We were soon set straight in the next scene where Daniel stood tall in clothes that no longer made him look like some down-and-out about to shoot up. In darkly comic short scenes the tale of Daniel’s travels in London and Edinburgh began to emerge, peopled by off-stage characters that illustrated the different stages of his life. With more than enough on his shoulders, Daniel was shown on the one hand to be pathetic and yet also able to show resilience as he recounted his feelings for his father, his dog, his true love, Katie Watkins.
The action was punctuated throughout by silences and blackouts, adding impact to Daniel’s weird and wonderful take on life and inviting us to laugh, sometimes guiltily, as his forthright dialogue hit home. All delivered with a quiet physicality that held the room and somehow enlarged the comedy. One scene entirely consisted of him hilariously downing a bottle of Irn-Bru, just that, leaving us exposed in our silence.
Isabel Wright’s play made use of theatrical techniques to create a kind of bottomless comedy that felt new, reflective and powerful. As we followed the protagonist on his journey’s highs and lows, we were taken first into darkness then light where there was love and care, then back to darkness again. It wasn’t a linear journey, but if you took it in your stride it somehow all made sense. As an experience it was enticingly funny, brave and concisive, well worth seeing.
Oran Mor, Glasgow
Feb 24 – 29, 2020
The set for today’s play, Lessons in Love, included a green backdrop with a plush looking couch and cushions, plus a table and chairs. This comedy starred writer Kate Donnelly as Sarah a woman on the hunt for spirituality and co-writer Clare Hemphill as her friend Jackie. The two were long-time friends as indeed was Hammy Hamilton, played by Garry Sweeney, who loved to gamble and was a big football fan.
Sarah strode onto the small lunchtime stage in joggers and slipper boots, doing her Qigong and spouting forth about her long-held attitude to life and its wonders. Joined by Jackie, the two soon engaged in what was their familiar ongoing conversation about their shared life experience; all of which being filled with the passions they shared. Before long Hammy was mentioned, revealing that in fact that Jackie was engaged to him.
Hammy’s entrance transformed the room to laughter as he made his appearance dancing a little jig to music. It transpired that Hammy had once ditched his fiancé to go and see the Scotland football team play Brazil – in Brazil! Hammy had always and still did defend the importance of the match (it was a world cup qualifying game). In an emotional scene he also admitted to have gambled an amount of money that he had borrowed from Jackie who now desperately needed it back.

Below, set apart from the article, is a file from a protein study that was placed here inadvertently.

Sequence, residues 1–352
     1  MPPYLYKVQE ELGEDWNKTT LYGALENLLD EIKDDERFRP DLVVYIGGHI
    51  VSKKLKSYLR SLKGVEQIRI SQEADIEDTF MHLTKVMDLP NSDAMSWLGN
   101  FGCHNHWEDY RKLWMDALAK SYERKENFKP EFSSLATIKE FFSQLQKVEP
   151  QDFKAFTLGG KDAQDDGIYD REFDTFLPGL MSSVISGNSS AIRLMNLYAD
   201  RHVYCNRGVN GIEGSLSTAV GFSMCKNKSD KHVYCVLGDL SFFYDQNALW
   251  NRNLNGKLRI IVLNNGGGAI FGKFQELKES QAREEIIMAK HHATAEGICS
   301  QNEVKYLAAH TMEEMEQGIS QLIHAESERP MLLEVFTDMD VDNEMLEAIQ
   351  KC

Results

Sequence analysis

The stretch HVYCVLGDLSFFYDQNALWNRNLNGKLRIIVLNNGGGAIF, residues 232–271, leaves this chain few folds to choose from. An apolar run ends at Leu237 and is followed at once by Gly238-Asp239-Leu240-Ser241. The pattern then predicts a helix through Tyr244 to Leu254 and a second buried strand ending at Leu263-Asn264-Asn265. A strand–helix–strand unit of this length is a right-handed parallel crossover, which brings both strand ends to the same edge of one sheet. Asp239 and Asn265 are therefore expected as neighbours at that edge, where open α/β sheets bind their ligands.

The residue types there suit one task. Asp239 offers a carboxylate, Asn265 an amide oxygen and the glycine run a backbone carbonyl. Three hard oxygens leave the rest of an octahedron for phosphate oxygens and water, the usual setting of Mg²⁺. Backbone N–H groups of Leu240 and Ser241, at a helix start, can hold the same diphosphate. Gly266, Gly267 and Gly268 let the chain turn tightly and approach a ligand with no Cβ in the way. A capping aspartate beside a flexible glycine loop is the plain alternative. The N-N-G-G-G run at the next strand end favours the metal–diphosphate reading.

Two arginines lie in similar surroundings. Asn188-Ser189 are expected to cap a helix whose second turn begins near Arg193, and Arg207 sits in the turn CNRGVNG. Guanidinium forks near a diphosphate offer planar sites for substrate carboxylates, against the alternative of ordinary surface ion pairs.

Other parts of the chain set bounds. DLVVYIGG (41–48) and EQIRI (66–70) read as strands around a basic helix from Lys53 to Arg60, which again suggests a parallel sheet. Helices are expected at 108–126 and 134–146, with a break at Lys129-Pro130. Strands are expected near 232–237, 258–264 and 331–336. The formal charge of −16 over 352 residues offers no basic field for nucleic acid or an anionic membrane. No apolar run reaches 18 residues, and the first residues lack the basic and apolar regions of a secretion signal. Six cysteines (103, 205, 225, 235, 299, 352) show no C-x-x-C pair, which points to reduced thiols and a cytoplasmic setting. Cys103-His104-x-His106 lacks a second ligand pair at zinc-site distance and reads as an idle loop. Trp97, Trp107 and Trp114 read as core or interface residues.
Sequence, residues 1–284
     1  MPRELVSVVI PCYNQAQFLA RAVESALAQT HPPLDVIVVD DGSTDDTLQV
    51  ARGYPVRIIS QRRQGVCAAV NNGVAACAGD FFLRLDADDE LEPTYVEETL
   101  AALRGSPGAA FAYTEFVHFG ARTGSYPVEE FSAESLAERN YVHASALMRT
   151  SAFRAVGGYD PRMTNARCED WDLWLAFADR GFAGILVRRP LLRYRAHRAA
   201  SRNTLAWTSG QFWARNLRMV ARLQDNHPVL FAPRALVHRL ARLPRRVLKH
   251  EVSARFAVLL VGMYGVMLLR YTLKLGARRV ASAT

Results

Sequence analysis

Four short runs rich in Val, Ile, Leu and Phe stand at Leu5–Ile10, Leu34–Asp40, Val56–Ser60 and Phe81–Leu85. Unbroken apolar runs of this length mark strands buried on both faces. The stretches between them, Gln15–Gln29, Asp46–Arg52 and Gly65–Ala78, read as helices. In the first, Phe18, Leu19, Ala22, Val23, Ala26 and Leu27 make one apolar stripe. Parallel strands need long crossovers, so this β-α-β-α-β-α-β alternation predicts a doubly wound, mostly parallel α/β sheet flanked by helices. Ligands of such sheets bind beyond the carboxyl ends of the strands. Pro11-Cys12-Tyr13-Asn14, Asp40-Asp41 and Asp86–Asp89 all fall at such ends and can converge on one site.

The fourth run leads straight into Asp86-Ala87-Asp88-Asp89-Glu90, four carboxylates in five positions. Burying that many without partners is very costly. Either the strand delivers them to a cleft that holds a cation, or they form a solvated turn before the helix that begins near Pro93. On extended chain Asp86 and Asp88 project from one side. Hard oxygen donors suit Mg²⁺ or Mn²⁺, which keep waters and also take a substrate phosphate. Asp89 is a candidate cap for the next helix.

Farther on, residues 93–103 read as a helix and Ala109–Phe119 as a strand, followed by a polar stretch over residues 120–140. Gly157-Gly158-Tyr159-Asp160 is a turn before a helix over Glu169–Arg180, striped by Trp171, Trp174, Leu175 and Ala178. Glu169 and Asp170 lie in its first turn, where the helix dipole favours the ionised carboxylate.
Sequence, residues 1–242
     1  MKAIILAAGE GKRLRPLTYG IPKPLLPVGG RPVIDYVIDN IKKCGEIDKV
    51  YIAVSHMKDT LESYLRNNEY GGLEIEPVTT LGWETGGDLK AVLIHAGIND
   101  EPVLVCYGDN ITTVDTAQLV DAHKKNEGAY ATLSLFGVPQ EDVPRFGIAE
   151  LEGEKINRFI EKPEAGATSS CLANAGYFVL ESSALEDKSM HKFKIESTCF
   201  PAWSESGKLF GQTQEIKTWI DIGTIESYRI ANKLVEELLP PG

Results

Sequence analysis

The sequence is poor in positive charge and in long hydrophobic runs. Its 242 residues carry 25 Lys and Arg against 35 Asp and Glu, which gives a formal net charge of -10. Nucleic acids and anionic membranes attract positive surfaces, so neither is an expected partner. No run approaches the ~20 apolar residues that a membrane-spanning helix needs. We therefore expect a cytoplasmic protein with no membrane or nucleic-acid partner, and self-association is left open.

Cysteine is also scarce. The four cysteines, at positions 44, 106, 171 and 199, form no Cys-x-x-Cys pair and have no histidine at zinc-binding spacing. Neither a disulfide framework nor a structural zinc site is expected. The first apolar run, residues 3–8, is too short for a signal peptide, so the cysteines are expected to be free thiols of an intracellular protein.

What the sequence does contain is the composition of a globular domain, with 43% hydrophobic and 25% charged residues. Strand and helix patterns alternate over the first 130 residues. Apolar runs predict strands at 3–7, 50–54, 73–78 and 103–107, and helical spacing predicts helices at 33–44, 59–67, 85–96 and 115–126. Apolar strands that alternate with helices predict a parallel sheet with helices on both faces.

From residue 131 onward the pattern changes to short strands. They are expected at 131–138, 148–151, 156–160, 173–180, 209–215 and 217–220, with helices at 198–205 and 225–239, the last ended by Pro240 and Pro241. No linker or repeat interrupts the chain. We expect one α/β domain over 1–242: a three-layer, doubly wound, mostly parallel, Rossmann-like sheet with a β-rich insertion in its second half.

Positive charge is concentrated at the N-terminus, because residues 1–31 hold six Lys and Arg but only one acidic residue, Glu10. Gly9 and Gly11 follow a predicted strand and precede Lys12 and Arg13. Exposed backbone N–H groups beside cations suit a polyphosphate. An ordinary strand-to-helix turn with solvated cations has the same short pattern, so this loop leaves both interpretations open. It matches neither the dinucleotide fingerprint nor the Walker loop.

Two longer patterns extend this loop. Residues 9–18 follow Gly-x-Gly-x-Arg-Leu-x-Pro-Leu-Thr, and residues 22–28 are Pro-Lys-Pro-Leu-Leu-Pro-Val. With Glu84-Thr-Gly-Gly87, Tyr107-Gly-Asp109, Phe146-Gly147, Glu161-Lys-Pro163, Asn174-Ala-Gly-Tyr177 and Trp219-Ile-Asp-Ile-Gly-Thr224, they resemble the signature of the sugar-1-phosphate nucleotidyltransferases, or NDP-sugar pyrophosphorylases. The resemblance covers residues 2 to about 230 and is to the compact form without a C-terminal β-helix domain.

Jackie confessed to Sarah that she’d been intimate with Hammy and felt that the love she bore him was big enough to forgive him, somewhat to her friend’s dismay. But the two women decided to have some fun with him first, with Jackie prancing around the stage in sunglasses and a neat leather jacket. Hammy revealed more and more of himself to us in his conversations with Jackie and as they sat together it was clear how familiar they were and had nothing to hide – in fact despite everything they had nothing but love for each other.
There were no definitive lessons learned here, but perhaps that was the lesson in itself; that we never really can know how and why things will turn out. With vivacious performances from the cast of three, this endearing play explored the intimacy between people and the sometimes surprising way relationships work out.
Oran Mor, Glasgow
Feb 17 – 22, 2020
This week’s offering from a Play, and Pie and a Pint took place in a school room, where English teacher, Penny (Jo Freer) was at the heart of Catriona Duncan’s comedy, “When the Penny Drops”. As Penny pondered the highs and lows of her career, she was joined onstage by Michele Gallagher and Calum Moore playing multiple roles – involving multiple costume changes – with increasing manic energy that had the audience in fits of laughter.
We found ourselves entwined in Penny’s thoughts and feelings, despair and joy, as she shared with us a lifetime of teaching children and dealing with fellow staff and parents, all of whom were capable of engendering frustration to the point of pulling hair. All ably illustrated by the cast of characters who engaged with her in a series of fast moving mini plots which at times spilled out into the aisles. Penny’s formula for coping, she told us, was complete disengagement, the ultimate safety net